An ex-Wall Street attorney can’t pursue his suit against a bank for redeeming checks forged in the name of his pancake restaurant because his state law fraud claims are preempted by federal law and his federal law allegations are time-barred, a New Jersey court said in a ruling made public Friday.
A New Jersey federal judge on Friday trimmed a gun distributor’s claims against Glock Inc. in a dispute over the termination of an agreement to sell pistols to law enforcement, but found there was enough proof to keep the breach of contract claims alive.
Archer & Greiner PC has escaped legal malpractice claims in New Jersey over its alleged role in botching a Pennsylvania restaurant’s fire damage insurance suit after an appeals court said in a published opinion Friday that the claims were barred by a two-year statute of limitations in the Keystone State.
Hurricane season in the Gulf of Mexico runs from June 1 to Nov. 30. The start of the season is a good time for vessel owners, shipyards, marinas, other marine businesses and their insurers to consider the risks, and make sure they have plans already in place when a storm approaches, says Matthew Guy of Adams and Reese LLP.
The U.S. Environmental Protection Agency recently held its National Leadership Summit with the goal of “taking action” on the emerging contaminants known as perfluoroalkyl or polyfluoroalkyl substances. In part one of this two-part series, Jeffrey Dintzer and Nathaniel Johnson of Alston & Bird LLP discuss the possible legal consequences for businesses that manufacture, sell or consume PFAS products.
The U.S. Supreme Court’s decision in Murphy v. National Collegiate Athletic Association was focused on sports betting but could be construed as conferring substantially more power on states in general, on issues including gun control, marijuana legalization and sanctuary cities, says Cory Lapin of Manning Gross & Massenburg LLP.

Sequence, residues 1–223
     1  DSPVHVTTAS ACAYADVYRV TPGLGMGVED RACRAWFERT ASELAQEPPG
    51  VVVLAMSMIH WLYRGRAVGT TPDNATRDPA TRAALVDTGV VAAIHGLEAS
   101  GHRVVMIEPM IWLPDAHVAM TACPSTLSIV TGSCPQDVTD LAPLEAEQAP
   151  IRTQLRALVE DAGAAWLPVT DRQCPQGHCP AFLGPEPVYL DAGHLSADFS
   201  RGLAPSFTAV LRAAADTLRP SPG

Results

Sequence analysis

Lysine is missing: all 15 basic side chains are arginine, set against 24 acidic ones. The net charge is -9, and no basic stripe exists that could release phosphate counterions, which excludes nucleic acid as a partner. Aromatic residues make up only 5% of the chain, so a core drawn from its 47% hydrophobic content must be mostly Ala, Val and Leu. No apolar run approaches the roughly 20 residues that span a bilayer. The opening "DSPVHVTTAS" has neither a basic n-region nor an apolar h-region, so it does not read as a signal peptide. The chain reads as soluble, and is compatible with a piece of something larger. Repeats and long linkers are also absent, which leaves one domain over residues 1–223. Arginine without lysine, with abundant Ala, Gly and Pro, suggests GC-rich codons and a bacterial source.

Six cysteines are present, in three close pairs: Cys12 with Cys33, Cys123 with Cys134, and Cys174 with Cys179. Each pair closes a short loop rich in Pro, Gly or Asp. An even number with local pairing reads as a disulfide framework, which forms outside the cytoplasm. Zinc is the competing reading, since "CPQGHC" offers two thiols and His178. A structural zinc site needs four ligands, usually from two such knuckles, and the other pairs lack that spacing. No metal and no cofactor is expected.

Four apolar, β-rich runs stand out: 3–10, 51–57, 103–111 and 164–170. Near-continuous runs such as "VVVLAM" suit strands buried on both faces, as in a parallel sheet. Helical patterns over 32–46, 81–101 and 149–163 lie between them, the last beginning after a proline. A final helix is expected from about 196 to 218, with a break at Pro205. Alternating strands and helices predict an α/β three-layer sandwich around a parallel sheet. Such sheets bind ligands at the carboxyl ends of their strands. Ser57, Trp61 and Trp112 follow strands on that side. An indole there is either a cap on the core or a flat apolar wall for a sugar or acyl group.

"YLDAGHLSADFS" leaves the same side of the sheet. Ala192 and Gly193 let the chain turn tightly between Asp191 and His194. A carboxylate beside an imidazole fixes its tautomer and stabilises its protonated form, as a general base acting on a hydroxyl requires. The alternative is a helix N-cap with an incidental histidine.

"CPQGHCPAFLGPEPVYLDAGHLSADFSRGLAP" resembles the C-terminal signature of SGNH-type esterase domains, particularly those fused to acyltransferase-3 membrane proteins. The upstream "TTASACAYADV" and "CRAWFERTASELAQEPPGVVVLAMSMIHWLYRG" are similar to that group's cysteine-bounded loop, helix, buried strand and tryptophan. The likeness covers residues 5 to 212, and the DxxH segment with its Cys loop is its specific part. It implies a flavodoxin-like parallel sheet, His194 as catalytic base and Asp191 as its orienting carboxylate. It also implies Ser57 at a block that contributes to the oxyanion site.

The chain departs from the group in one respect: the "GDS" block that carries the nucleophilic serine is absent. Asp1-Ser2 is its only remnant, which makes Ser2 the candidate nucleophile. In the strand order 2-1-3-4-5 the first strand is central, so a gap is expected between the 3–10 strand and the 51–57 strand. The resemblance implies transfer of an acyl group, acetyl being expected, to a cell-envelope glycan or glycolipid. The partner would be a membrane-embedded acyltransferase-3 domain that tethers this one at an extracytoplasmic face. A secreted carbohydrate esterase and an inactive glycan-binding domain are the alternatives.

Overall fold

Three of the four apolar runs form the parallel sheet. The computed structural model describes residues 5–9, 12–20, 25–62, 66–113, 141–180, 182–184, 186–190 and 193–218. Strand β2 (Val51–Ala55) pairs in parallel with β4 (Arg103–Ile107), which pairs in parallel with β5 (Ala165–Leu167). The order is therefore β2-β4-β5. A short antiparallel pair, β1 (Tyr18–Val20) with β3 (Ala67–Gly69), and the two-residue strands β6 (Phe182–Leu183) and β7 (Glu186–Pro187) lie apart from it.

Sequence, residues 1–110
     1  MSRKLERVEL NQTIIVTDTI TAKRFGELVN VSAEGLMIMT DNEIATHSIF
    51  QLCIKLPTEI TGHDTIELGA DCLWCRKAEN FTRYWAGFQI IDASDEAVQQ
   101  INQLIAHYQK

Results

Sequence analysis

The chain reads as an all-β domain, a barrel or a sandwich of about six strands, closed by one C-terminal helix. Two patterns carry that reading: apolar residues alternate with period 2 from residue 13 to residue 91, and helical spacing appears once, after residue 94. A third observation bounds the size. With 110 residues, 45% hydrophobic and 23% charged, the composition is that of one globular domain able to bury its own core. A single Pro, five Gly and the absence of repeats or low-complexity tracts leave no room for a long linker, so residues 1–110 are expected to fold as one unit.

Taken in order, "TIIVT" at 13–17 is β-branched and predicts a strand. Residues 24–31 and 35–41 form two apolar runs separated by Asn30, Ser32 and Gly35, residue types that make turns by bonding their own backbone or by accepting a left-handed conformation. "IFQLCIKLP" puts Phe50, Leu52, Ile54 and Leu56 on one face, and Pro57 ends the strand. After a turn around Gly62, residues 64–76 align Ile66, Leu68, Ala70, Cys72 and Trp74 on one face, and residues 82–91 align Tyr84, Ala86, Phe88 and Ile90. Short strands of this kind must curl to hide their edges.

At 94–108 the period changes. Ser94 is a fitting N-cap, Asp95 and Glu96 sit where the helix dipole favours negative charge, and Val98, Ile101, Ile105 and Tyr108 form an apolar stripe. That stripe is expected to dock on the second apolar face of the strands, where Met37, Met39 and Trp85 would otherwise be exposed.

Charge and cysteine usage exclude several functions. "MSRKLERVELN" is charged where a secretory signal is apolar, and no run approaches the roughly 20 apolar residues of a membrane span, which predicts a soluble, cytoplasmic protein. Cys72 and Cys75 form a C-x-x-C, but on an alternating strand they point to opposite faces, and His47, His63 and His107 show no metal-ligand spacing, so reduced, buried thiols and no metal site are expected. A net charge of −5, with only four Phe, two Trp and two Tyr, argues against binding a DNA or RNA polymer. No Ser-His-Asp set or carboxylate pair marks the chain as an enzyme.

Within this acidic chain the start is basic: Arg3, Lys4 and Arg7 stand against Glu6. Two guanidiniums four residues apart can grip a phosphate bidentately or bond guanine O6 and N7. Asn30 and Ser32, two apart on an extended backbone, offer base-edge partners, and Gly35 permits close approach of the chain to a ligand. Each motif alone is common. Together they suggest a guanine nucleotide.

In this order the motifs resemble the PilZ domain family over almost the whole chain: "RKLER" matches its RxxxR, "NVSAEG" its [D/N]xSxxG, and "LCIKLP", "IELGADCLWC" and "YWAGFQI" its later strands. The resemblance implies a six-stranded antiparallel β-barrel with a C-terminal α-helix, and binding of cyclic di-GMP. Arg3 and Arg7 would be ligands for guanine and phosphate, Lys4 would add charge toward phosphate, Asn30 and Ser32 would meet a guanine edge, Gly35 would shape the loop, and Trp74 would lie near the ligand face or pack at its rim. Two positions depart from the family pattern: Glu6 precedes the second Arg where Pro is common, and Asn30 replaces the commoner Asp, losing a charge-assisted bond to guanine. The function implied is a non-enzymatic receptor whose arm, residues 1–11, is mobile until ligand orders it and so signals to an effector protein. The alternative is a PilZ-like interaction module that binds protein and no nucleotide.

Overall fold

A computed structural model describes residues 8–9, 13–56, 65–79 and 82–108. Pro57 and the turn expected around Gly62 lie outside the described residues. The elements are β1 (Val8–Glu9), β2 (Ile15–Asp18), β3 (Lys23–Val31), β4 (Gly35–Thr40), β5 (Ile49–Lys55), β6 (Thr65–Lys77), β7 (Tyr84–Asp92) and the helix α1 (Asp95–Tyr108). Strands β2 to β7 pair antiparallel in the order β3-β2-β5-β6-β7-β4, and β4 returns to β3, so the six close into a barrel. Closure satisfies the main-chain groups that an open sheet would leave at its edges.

As the Judicial Panel on Multidistrict Litigation heads to Chicago for its May 31 hearing session, Alan Rothman of Arnold & Porter observes the panel’s golden anniversary with a retrospective look at its origins in the enactment of the MDL statute in April 1968, and reviews its most recent hearing session held in Atlanta on March 29.
The Republican tax bill passed into law last year further enriches the wealthy and large corporations, provides minimal tax relief for the middle class, explodes the national debt, displaces needed investments in infrastructure and education and, on top of all that, spitefully targets specific groups and regions, including citizens in my own state, says Rep. Bill Pascrell, D-N.J.
Courts are acknowledging a shifting consumer preference toward electronic mediums. Proposed changes to Rule 23, scheduled to take effect at the end of this year, will officially provide for the use of electronic notice in class actions — a change that could save parties a significant amount of money, say Brandon Schwartz and Maggie Ivey of Garden City Group LLC.
Today's female lawyers stand on the shoulders of several generations of pioneers. Here, historian Jill Norgren explains how the status of women in the legal profession has changed since the 1870s.
Litigants who proffer data obtained from social networking sites like Facebook, Twitter and Instagram must authenticate that data before it will be admitted as evidence. Attorneys with Pepper Hamilton LLP examine decisions from Pennsylvania and other jurisdictions to determine whether courts are imposing a more demanding standard for social media data than other documentary evidence.
In the run-up to the U.S. Supreme Court's decision in Murphy v. NCAA, many state officials viewed legalized sports betting as the answer to their budgetary problems. But states will soon learn, if they haven’t already, that sports betting is a complicated and low-margin business. Nevada’s results are sobering, say A.G. Burnett and Rick Trachok of McDonald Carano LLP.
State securities agencies are increasingly regulating the cryptocurrency space through administrative proceedings and summary cease-and-desist orders. But the uncertainties and ambiguities in current cryptocurrency regulation mean that multistate action — even if coordinated — will create a real risk of splintered authority, says Jason Gottlieb of Morrison Cohen LLP.